• Christina Garcia (D-LA/Bell Gardens/Bellflower/Cerritos/Commerce/ Downey/Montebello/Pico Rivera) 916- 319-2058
  • David Hadley (R-Torrance/Gardena/Lomita/Manhattan Beach/Palos Verdes Estates/Redondo Beach/West Carson) 916- 319-2066
  • Phil Ting (D-San Francisco) (916) 319-2019
  • Rocky Chavez (R-Oceanside/Calsbad/Encinitas/Vista) (916) 319-2076

If you live in one of those districts, or if you run a business in one, or have customers there, please contact that member.

More generally, there is a website where anyone can go to express their support for expanding the benefits of Net Metering to muni customers throughout the State.  Just click on the button to make this happen:

Sadly, the list of entities opposing this bill includes Pasadena Water and Power - looks like we need some political leadership here in our own backyard to get PWP on board.

We will update this post as the bill progresses through the legislature - watch this space!

01/12/16

Who is Paying You to Go Solar in 2016?

Show me the money!The new year is well underway (Happy New Year!), and so it is timely to revisit the question of financial incentives to Go Solar in the Run on Sun service area.  (You can read more detail about all of these incentives on our Solar Financing page.)

Federal Tax Credit

Beyond a doubt, the most significant incentive for going solar is the 30% federal tax credit.  Previously set to expire at the end of this year, the federal solar tax credit was extended late last year, continuing at the present 30% through 2019

The credit applies to solar installations in every utility’s territory, so no matter where you live in the U.S., this credit applies to you.  (NB: this is a tax credit, not an income deduction, so you need the tax “appetite” to take full advantage of this incentive - check with your tax advisor.)  For residential clients, the basis for the credit is the full cost of your solar project, less any rebate that you might receive from the utility.  Commercial clients, who must declare any rebate as income, do not need to deduct their rebate from the system cost when calculating the basis.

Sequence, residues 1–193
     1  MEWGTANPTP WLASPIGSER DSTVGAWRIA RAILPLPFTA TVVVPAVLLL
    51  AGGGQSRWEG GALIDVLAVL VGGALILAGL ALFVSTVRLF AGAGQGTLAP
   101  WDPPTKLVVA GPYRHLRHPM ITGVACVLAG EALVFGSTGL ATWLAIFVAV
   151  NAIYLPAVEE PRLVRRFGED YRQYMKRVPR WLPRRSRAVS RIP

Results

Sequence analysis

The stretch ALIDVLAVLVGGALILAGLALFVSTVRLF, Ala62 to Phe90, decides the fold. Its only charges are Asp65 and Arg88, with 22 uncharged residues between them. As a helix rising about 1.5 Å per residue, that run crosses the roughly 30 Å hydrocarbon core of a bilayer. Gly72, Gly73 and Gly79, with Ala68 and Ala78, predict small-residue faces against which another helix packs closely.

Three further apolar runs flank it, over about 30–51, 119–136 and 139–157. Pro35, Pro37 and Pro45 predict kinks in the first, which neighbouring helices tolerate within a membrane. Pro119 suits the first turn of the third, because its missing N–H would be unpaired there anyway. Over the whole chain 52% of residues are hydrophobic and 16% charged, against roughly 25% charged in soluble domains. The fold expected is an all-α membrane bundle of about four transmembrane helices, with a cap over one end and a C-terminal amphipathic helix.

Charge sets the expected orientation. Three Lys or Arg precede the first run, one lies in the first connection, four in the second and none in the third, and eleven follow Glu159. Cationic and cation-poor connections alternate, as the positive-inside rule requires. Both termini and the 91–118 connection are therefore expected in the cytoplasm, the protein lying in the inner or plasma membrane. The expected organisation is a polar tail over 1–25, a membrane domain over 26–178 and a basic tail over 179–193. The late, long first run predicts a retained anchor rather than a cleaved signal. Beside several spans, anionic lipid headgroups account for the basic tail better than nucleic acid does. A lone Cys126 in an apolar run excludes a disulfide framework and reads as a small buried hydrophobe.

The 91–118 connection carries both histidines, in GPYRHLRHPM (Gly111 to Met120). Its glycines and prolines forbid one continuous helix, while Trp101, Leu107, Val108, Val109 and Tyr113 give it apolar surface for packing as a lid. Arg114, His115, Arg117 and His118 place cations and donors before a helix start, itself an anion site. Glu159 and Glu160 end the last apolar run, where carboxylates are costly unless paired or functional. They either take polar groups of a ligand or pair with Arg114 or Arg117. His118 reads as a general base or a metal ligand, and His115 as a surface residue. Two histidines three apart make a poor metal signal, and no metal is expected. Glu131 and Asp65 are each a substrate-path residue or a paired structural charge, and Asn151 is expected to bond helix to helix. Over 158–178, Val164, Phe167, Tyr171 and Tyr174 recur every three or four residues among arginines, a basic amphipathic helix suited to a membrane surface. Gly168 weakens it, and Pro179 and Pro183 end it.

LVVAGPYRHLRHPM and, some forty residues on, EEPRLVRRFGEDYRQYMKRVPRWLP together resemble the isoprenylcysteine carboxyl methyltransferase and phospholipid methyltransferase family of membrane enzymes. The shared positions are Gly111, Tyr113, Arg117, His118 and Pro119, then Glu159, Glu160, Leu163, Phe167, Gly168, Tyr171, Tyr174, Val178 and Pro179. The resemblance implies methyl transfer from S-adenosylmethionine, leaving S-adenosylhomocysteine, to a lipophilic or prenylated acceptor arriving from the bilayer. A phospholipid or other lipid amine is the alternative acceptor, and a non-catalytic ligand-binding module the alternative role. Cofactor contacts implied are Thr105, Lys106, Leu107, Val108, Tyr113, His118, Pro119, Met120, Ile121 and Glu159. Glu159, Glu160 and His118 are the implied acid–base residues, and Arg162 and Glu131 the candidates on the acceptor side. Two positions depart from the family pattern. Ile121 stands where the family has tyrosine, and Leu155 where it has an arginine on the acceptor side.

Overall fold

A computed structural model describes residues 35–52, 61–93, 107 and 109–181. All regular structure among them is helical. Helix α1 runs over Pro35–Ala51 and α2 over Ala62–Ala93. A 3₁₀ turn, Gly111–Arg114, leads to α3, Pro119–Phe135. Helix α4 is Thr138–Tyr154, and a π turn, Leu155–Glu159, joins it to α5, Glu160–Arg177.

Utility Rebates

Once common everywhere, utility rebates are going the way of the dodo—with one or two notable exceptions.  We have rank ordered the local utilities below, based on the reliability of their rebate program.

Pasadena Water & Power

The big winner, again and by far, is the solar rebate program operated by our own Pasadena Water and Power.  Year in and year out, PWP offers rebates to its customers in a transparent and consistent manner - something that cannot be said of any of its neighboring utilities.

As of this writing, PWP is offering a rebate of $0.45/Watt for both residential and commercial customers, and a rebate of $0.90/Watt to non-profit customers (who cannot take advantage of the federal tax credit).  Alternatively, PWP also offers a performance-based incentive that is paid out over two years based on the actual production of the system.  Residential and commercial customers are paid 14.4¢/kWh, whereas non-profit customers are paid 28.8¢/kWh.

Los Angeles Department of Water and Power

LADWP offers a rebate, if you have the stamina to receive it. Vexed with the most bureaucratic process to be found this side of Orwell’s 1984 dystopia, applying for and receiving a rebate from DWP often feels like a reward for a life well spent.

That said, LADWP is currently offering rebates of $0.30/Watt to residential customers, $0.40/Watt to commercial, and $1.15/Watt to non-profits.  Just don’t hold your breath.